We won’t necessarily have a good understanding of who won free agency this March until well after the 2016 season has started.
What we do know is that a lot of cash has been thrown around to NFL players in the first three days of free agency.
In the past, this has been a dangerous aspect of team building. That is to say, organizations have overspent on other teams’ slightly above-average players in hopes that they will become elite-level performers moving forward.
This scribe calls that paying for projection, not production.
From the New York Giants exhausting a ridiculous amount of cash on two pretty good players to the Houston Texans giving a career backup $37 million guaranteed, there were some teams that we can confidently call “losers” through the early stages of free agency.
Meanwhile, previously downtrodden franchises such as the Jacksonville Jaguars and Oakland Raiders made some solid signings over the past few days.
Here are your early winners and losers from the NFL free agency period thus far.
Winner: Oakland Raiders
It’s been a while since the Raiders were considered winners in anything football related. Boy, how the times have changed.
In taking a long-term vision of roster building, general manager Reggie McKenzie has gone about creating a contender the right way.
It started with the team solely looking at building its roster through the draft. In the two offseasons prior to this one, that was the ultimate goal. While Oakland did go out there and sign contributors in free agency, a vast majority of the contracts were front loaded and didn’t put the franchise under the eight-ball over the long term.
The goal here was obvious. Find players like Derek Carr, Khalil Mack, Amari Cooper and Gabe Jackson in the draft. Supplement them with aging veterans who could provide some leadership on the team.
The next goal was to actually get back to respectability on the field. This was a way to show that Oakland could be an attractive destination for free agents, rather than a franchise that simply overpaid for average players from other teams.
McKenzie’s plan was met with criticism from fans and writers alike in its infancy. They had a ton of cash, so why not spend it?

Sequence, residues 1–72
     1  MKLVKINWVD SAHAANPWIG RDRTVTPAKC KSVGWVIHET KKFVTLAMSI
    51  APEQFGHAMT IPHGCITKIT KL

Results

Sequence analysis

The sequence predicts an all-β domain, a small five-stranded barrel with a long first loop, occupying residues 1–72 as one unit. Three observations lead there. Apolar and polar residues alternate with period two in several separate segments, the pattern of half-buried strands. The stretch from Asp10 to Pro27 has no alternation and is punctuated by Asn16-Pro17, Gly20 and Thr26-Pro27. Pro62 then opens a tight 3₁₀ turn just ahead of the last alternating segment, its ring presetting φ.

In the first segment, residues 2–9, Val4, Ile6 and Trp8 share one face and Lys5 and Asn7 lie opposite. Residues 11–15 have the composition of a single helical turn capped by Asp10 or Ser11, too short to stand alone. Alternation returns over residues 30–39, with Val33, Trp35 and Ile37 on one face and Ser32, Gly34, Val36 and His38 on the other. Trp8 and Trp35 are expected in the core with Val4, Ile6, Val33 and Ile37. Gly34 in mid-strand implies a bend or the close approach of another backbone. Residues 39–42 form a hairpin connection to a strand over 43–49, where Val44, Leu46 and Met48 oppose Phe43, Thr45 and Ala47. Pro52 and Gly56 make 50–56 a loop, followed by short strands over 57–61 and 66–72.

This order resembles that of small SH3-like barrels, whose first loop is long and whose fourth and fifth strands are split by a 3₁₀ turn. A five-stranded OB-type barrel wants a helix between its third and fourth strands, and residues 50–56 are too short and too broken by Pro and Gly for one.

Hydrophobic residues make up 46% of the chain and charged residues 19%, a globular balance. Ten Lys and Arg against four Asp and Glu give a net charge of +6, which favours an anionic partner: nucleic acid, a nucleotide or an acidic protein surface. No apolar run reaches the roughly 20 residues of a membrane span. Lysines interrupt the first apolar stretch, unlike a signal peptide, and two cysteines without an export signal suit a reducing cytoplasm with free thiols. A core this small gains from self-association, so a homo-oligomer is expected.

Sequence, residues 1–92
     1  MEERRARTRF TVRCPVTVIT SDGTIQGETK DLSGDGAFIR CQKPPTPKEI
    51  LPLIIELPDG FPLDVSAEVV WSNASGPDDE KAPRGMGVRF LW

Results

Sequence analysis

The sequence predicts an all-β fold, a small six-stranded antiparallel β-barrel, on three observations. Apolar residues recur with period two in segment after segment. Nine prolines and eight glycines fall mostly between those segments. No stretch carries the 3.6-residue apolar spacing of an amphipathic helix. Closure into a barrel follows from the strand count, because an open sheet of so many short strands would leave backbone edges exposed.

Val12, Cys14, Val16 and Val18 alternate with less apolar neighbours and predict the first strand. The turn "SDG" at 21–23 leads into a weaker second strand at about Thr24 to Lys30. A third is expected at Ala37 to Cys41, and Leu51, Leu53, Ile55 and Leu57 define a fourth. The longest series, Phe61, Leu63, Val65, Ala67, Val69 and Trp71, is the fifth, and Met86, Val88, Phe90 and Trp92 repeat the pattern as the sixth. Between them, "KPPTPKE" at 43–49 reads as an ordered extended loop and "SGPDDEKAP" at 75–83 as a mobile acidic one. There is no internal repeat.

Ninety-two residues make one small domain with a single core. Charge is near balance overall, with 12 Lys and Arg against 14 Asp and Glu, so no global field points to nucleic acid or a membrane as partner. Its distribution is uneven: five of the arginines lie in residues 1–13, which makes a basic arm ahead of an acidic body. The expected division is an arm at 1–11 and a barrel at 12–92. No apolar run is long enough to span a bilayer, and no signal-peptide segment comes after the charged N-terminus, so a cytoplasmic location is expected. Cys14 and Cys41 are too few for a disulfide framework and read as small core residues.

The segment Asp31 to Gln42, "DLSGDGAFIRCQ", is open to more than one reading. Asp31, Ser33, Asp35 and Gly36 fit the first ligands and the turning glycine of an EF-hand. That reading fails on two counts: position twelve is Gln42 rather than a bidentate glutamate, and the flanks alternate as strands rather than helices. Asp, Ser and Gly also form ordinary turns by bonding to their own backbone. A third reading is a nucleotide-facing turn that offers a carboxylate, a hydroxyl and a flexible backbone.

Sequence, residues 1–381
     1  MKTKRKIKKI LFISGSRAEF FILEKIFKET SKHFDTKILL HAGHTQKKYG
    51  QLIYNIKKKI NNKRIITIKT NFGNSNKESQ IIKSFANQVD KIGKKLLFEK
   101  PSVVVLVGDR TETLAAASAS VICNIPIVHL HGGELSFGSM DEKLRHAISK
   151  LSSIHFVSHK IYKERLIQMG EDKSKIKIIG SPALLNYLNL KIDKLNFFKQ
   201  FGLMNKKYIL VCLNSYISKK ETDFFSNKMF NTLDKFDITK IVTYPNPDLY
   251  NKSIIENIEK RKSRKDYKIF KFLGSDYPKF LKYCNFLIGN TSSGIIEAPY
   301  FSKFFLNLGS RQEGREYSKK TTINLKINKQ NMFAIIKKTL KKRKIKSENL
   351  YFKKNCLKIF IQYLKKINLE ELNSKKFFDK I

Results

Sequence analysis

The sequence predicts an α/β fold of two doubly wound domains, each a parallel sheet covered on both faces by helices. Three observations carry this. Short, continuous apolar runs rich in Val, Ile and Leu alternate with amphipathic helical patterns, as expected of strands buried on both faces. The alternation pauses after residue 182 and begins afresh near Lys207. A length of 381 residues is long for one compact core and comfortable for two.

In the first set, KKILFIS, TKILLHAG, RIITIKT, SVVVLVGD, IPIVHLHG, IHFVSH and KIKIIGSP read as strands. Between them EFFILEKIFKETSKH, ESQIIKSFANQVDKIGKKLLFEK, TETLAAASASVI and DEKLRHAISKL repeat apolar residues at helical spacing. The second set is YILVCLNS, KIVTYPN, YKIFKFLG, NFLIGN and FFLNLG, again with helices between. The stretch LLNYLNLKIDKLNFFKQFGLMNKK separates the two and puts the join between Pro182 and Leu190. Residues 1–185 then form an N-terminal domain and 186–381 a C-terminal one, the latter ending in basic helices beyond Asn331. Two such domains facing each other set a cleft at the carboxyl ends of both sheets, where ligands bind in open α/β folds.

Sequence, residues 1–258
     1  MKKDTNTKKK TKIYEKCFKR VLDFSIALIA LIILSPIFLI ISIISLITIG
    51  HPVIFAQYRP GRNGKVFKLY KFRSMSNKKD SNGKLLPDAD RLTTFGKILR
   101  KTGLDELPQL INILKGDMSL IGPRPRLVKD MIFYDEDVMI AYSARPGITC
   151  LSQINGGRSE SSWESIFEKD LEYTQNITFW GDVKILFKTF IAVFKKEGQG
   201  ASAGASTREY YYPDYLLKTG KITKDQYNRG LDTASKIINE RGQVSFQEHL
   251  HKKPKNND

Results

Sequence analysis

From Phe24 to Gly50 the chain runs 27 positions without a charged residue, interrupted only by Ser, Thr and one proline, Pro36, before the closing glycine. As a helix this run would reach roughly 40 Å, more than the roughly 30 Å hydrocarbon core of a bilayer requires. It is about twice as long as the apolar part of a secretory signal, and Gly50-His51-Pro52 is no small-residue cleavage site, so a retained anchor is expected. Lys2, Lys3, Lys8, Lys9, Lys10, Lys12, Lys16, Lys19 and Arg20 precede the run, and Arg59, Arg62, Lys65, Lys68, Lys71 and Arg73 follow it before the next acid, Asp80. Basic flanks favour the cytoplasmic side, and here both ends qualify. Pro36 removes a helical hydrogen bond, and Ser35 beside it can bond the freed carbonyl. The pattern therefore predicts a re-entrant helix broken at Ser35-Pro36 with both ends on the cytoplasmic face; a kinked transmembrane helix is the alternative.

Well, the patience surely has paid off. Coming off a surprising seven-win 2015 campaign that saw Carr cement his status as the team’s franchise quarterback, Oakland entered free agency with $70-plus million to spend.
In this, the Raiders decided to take that leap. The idea was now to add top-end free agents that can join a young core.
Osemele is considered one of the top interior linemen in the entire NFL. He adds a certain amount of nasty to go with the physical freak that is Gabe Jackson at guard. Talk about an imposing guard duo to help Oakland in it’s down-hill running game.
Meanwhile, Irvin brings a ton of previous success from his four years with Seattle to Northern California. Not simply a pass-rush option by trade, Irvin can drop back into coverage from the MIKE position, enabling Mack to play more of the pass-rush role. This was an issue for many observers of the silver and black last season.
That is to say, Mack was asked to drop back into coverage way too often, disabling his true elite-level pass-rush capabilities at times.
Some will point to the money Oakland gave to Osemele as a reason why the signing wasn’t good. Well, that’s just foolish. Flush with a ton of cap, the Raiders did well to add a top-end guard, no matter what the cost might have been.
Loser: Houston Texans
The quarterback market in today’s NFL is absolutely absurd. This was brought to an entirely new level when the Texans handed Brock Osweiler a four-year, $72 million contract on Wednesday. The deal calls for $37 million in guaranteed cash.
Osweiler has thrown 11 touchdowns in four NFL seasons and was benched in favor of an ineffective Peyton Manning late last year.
Houston then decided to hand out a four-year, $26 million deal to Lamar Miller, who will be replacing Arian Foster in the backfield.
Miller, 24, has put up a grand total of one 1,000-yard rushing season since being selected in the fourth round of the 2012 NFL draft by the Miami Dolphins.
That’s a whole lot of cash to dole out to a starting backfield that hasn’t necessarily proved much in eight combined NFL seasons.
In commenting on the Osweiler signing, Texans owner Bob McNair had this to say:
“If we had waited for the draft (for a quarterback), we would have had to give up picks to move up to get a guy we wanted,” McNair said, via the Houston Chronicle. “We probably would have had to give up at least three picks, and that’s three quality players.”
There’s a major logical fallacy in this argument. If the Texans were sold on one of the top-tier quarterback prospects, they would have been better off actually ponying up the draft picks rather than spending this amount of cash on another unproven player.
This is one of the primary reasons that rookie contracts changed following the 2011 Collective Bargaining Agreement. The idea was for teams to avoid having to hand out large sums of cash to unproven players, hence the current rookie wage scale.
To be clear, Osweiler has to be considered an upgrade over Brian Hoyer under center. With what looks to be a dominating defense, that could very well help Houston win the AFC South in 2016.
More than this, Miller has proven himself to be more durable than the aforementioned Foster over the past few seasons. He’s also quite a bit younger.